DRY NEEDLING is a technique of using acupuncture needles in resolving tension and pain in the muscles without using medicaments. It is not TCM acupuncture, it is a needle care technique based on a Western anatomy and neurophysiology of sticking trigger points (painful point of the muscle).

Is Dry Needling for You ?

It is easy to confuse trigger point dry needling with acupuncture, but the two serve very different purposes. If you experience muscle spasms or tension, you may be an excellent candidate to try out acupuncture’s lesser known relative. Your chronic musculoskeletal pain could benefit from dry needling.

What is dry needling ?

Dry needling uses a very small filament needle much like the kind used in acupuncture. Whereas acupuncture can be used for many reasons, dry needling is exclusively used for the treatment of muscle pain. Your physical therapist will focus on a specific muscle point that is tight or tender. When the needle is inserted the muscle will twitch and then release, increasing flexibility. This will decrease the contraction of the muscle and allow it to relax. Dry needling has the added benefit of releasing toxins, further helping to alleviate pain. Trigger point dry needling can cause immediate pain relief in many cases, though it can take a few sessions to be effective.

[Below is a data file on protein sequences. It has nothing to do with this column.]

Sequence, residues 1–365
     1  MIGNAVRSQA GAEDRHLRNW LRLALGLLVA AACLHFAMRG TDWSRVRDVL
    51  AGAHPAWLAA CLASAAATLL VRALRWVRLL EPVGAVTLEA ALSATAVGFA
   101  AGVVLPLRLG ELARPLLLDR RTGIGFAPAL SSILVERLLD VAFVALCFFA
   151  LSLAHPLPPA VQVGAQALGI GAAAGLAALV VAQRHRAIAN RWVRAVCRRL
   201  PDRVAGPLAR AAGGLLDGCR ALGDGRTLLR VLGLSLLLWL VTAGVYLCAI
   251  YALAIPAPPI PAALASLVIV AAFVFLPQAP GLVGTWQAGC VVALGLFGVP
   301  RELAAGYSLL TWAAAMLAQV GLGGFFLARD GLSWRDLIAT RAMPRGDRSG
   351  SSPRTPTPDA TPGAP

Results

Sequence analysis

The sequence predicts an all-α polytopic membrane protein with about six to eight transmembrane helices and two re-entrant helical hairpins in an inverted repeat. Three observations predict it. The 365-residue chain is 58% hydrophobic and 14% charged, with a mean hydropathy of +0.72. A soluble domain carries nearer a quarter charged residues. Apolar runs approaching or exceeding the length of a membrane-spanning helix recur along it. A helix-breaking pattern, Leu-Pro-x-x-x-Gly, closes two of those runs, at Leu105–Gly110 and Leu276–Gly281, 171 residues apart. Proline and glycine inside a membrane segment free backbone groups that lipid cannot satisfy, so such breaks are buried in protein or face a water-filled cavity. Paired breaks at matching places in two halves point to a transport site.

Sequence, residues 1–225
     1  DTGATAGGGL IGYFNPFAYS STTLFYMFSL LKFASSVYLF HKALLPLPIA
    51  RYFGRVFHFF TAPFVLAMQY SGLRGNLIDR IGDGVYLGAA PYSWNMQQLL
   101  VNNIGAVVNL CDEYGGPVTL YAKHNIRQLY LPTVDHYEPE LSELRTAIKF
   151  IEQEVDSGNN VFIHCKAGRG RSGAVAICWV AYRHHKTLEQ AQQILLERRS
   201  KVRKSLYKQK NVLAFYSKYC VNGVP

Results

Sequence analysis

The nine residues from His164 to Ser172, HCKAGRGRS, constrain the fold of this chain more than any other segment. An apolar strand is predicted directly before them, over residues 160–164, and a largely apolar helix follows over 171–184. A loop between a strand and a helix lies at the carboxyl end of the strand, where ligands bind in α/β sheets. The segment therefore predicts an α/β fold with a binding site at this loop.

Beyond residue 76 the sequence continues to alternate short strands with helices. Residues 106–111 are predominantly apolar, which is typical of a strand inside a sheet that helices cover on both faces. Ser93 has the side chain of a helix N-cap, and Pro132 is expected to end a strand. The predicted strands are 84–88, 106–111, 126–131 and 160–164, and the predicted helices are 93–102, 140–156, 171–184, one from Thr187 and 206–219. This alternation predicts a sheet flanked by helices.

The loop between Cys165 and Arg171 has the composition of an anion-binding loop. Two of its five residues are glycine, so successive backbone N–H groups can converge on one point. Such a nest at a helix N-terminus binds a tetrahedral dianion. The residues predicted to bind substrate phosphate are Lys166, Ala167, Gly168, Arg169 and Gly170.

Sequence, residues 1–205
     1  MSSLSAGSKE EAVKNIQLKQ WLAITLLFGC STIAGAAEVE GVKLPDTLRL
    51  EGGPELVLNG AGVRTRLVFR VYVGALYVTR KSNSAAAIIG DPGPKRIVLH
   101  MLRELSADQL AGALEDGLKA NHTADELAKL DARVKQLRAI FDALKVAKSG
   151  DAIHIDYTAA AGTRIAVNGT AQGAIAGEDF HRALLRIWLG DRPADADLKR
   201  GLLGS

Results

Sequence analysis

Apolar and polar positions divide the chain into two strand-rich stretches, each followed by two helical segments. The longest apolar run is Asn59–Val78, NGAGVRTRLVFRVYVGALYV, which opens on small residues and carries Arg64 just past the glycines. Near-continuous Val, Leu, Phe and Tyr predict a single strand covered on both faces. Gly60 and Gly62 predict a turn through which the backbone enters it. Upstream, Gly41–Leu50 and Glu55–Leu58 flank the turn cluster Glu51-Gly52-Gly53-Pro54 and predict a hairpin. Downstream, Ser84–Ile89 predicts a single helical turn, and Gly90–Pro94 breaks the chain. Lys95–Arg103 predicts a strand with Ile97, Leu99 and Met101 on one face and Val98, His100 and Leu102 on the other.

What can I use dry needling for ?

Dry needling is a useful solution to many common musculoskeletal issues that affect a variety of people. It can be used to aid with problems like chronic neck, back, and shoulder pain. If you experience tennis or golfer’s elbow dry needling could be an effective solution for you. Even problems that seem more complex, like arthritis, can benefit from trigger point dry needling.

Does it hurt ?

The needle used in dry needling is just as small and typically painless as the type used in acupuncture, however because of the nature of dry needling, you may experience some mild pain. When the needle is inserted into a tender spot, the patient may experience an ache or cramping feeling because of the twitch response, but it is generally reported to be short-lived and only slightly uncomfortable.

Are there side effects ?

After your dry needling session, it is not uncommon to experience a bit of soreness. Any post-needling pain is generally mild and can be treated with aspirin or warm baths. It is also fairly common for dry needling to cause bruising. You are absolutely permitted to engage in light exercise so long as it does not aggravate the soreness.